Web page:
New Zealand has been ''blessed'' with abundant supplies
of fresh water, but its availability and quality is declining
and it is becoming a scarce resource.
That comment was made yesterday by Dr Grant Blackwell, the
principal science adviser for the Parliamentary Commissioner
for the Environment.
Compared with many other countries, New Zealand's freshwater
was generally of good quality and did not have to be shared
with other nearby nations, he said in a talk to the
University of Otago's 49th annual Foreign Policy School.
It was not the fault of any single industry or of a single
generation, but freshwater was becoming a ''scarce
resource'', he said.
In recent years, hundreds of thousands of hectares previously
used for sheep and beef farming had been converted to dairy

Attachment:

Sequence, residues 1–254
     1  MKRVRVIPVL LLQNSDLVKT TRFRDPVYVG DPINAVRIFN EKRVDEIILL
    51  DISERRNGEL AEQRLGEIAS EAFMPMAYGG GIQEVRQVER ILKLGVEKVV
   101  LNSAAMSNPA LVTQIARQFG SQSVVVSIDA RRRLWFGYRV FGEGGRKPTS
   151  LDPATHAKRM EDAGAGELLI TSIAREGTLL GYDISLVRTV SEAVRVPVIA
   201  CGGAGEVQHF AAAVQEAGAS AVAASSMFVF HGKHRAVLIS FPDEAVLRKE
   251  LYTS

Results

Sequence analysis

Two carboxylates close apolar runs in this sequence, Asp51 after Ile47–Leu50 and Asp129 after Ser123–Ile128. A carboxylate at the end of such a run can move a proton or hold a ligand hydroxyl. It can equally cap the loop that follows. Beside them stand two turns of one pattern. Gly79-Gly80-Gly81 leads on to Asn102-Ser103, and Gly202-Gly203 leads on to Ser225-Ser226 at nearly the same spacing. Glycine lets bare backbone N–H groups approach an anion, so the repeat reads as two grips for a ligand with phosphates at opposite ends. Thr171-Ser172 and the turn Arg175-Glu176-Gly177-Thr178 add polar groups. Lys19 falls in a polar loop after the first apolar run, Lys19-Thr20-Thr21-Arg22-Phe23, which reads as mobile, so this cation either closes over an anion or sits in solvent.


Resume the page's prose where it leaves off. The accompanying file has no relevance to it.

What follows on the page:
This had resulted in ''significant increases in nitrogen and
phosphorous levels'' in waterways, and corresponding declines
in water quality.
Central and local government had started to develop new
policies, plans and rules, but their effectiveness would
depend on whether they were ''based on an understanding and
acceptance'' of the relationships between land use change and
If they were not, ''there are risks for both our freshwater
environment and our economy'', he said.
Dr Blackwell said the approach of the Parliamentary
Commissioner for the Environment was ''not about blame'' but
to make available ''fundamental ideas and information'' to
politicians and the community.
An ecologist with a PhD from Massey University, Dr Blackwell
also undertook research for several years at the University
of Otago Centre for Sustainability.